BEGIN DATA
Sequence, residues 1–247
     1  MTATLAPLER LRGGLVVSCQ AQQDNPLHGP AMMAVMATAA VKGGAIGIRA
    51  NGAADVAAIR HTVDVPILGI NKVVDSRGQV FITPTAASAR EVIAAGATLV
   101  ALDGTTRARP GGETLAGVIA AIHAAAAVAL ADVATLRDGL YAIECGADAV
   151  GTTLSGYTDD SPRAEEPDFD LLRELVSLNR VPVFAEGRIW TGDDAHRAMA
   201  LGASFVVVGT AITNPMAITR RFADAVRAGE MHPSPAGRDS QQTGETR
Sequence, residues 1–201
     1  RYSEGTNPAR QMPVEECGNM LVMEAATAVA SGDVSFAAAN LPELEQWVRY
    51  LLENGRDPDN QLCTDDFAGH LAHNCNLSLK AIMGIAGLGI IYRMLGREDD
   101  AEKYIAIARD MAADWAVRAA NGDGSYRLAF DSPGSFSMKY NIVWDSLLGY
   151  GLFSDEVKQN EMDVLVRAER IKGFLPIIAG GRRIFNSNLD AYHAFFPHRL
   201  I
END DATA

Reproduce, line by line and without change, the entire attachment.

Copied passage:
Sequence, residues 1–247
     1  MTATLAPLER LRGGLVVSCQ AQQDNPLHGP AMMAVMATAA VKGGAIGIRA
    51  NGAADVAAIR HTVDVPILGI NKVVDSRGQV FITPTAASAR EVIAAGATLV
   101  ALDGTTRARP GGETLAGVIA AIHAAAAVAL ADVATLRDGL YAIECGADAV
   151  GTTLSGYTDD SPRAEEPDFD LLRELVSLNR VPVFAEGRIW TGDDAHRAMA
   201  LGASFVVVGT AITNPMAITR RFADAVRAGE MHPSPAGRDS QQTGETR
Sequence, residues 1–201
     1  RYSEGTNPAR QMPVEECGNM LVMEAATAVA SGDVSFAAAN LPELEQWVRY
    51  LLENGRDPDN QLCTDDFAGH LAHNCNLSLK AIMGIAGLGI IYRMLGREDD
   101  AEKYIAIARD MAADWAVRAA NGDGSYRLAF DSPGSFSMKY NIVWDSLLGY
   151  GLFSDEVKQN EMDVLVRAER IKGFLPIIAG GRRIFNSNLD AYHAFFPHRL
   201  I